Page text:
Friday, May 27, 2016

Face Value

When you were a young person, attending elementary school, you took most things at face value, regardless of their source. One of the few things you arrived at on your own then was the fact of your boredom, which led you to the seeming infinity of interesting possibilities available from reading.

Through dinnertime conversations involving your parents and, on occasion, your older sister, you learned of certain behavioral and physical defects among the children of your parents and the friends of your sister. From your own observation of a classmate named James, you witnessed his growing problems with gait and stride, then his appearing one day in a shoe with an enormous sole and his explanation of talipes equonovarius, or clubfoot, which required further growth from him before a surgical correction could rectify the problem.

From your parents, you learned that Buddy, the youngest son of one of their friends, needed to be sent to Black Fox Military School to correct what your mother called discipline problems, and from your sister, you learned that a friend of hers was "seeing" a psychiatrist because of some of the persistent dreams you were having.

There were other examples. The daughter of another of your parents' friends was overwrought with a condition known as being supercilious, which resulted in her having few or no friends, while Ronald, yet another son of yet another of your parents' friends, had been caught going into the bathroom to regurgitate meals rather than simply opt out of eating if he didn't like what was being served or had no appetite. You always had an appetite, but knew you could opt out of two things you particularly disliked--fried tomatoes and squash--without repercussions.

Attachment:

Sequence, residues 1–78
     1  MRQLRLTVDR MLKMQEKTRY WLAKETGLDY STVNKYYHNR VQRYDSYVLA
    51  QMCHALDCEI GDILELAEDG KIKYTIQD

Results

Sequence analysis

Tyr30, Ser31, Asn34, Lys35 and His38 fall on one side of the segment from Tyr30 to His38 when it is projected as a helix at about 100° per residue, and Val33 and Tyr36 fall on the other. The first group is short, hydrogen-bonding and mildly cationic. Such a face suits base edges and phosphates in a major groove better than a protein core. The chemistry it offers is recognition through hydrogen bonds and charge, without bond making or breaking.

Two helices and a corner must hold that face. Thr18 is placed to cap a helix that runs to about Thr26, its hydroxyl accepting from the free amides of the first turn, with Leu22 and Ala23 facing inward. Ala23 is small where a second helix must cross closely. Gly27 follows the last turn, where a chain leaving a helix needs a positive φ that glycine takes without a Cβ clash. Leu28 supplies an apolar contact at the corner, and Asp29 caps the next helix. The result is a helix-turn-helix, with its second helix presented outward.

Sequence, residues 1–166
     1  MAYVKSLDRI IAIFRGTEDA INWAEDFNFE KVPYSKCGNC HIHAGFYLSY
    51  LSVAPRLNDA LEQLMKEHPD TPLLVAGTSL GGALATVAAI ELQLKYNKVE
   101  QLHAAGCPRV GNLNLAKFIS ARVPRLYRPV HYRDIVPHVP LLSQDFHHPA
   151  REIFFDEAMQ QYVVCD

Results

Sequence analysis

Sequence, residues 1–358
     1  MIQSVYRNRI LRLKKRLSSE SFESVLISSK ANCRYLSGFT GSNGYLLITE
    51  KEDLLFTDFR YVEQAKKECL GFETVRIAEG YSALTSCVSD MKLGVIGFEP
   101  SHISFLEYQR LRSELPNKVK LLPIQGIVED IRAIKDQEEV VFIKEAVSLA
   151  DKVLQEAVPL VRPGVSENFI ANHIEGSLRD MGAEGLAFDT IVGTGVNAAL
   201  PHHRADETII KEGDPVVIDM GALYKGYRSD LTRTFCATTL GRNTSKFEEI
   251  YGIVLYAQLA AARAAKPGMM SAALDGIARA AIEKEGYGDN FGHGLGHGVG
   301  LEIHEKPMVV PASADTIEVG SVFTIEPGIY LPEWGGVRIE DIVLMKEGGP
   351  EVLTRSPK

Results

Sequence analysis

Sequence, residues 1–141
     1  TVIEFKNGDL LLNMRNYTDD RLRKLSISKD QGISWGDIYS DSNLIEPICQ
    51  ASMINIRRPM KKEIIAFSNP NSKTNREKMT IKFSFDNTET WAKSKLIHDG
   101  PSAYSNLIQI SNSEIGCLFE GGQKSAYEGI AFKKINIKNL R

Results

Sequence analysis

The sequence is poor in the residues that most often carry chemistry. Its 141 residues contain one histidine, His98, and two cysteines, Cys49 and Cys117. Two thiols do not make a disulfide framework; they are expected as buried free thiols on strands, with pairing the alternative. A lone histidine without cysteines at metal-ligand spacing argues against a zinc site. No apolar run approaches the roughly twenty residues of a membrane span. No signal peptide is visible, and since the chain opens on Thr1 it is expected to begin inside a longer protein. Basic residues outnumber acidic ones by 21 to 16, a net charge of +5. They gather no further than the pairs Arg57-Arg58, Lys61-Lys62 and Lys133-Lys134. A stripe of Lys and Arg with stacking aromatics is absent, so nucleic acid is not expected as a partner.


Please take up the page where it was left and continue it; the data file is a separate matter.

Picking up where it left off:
You were also aware of a neighbor's son who made a habit of what your mother called appropriating things from the homes of his playmates. The major effect this information had on you was to become curious about the onset of what your sister called traits and tendencies, even to the point of telling you that one of the earliest traits she observed in you was your tendency to carry a book around with you.

The switch from the single-teacher atmosphere of elementary school to the multi-teacher so-called period structure of middle school seemed to coincide with your growing socializing, where you would frequently go to a classmate's home after school was over, to hang out or engage in some particular activity. You'd also invite friends home, which seemed always to imply some lavish snack or equivalent of afternoon tea, provided by your classmates' mother or, when you were nominal host, your mother.

The most memorable of these came when you'd left junior high school with a chum named Jay, who led you to a large, Mediterranean-style single-dwelling stucco home on Highland Avenue. "Let's," Jay said, "go in for a snack, shall we?"

You were all too eager. You followed him into the kitchen.

"What'll it be," he said. "Sandwich or cake?" He opened the refrigerator, peeked inside, drew out a quart bottle of milk.

"Sandwich," you said.

"Coming right up," he said, which caused you to note the ease of his hosting and the relatively adult feeling of tending for one's self and one's guest.  "White," he said, poking about, "or wheat?"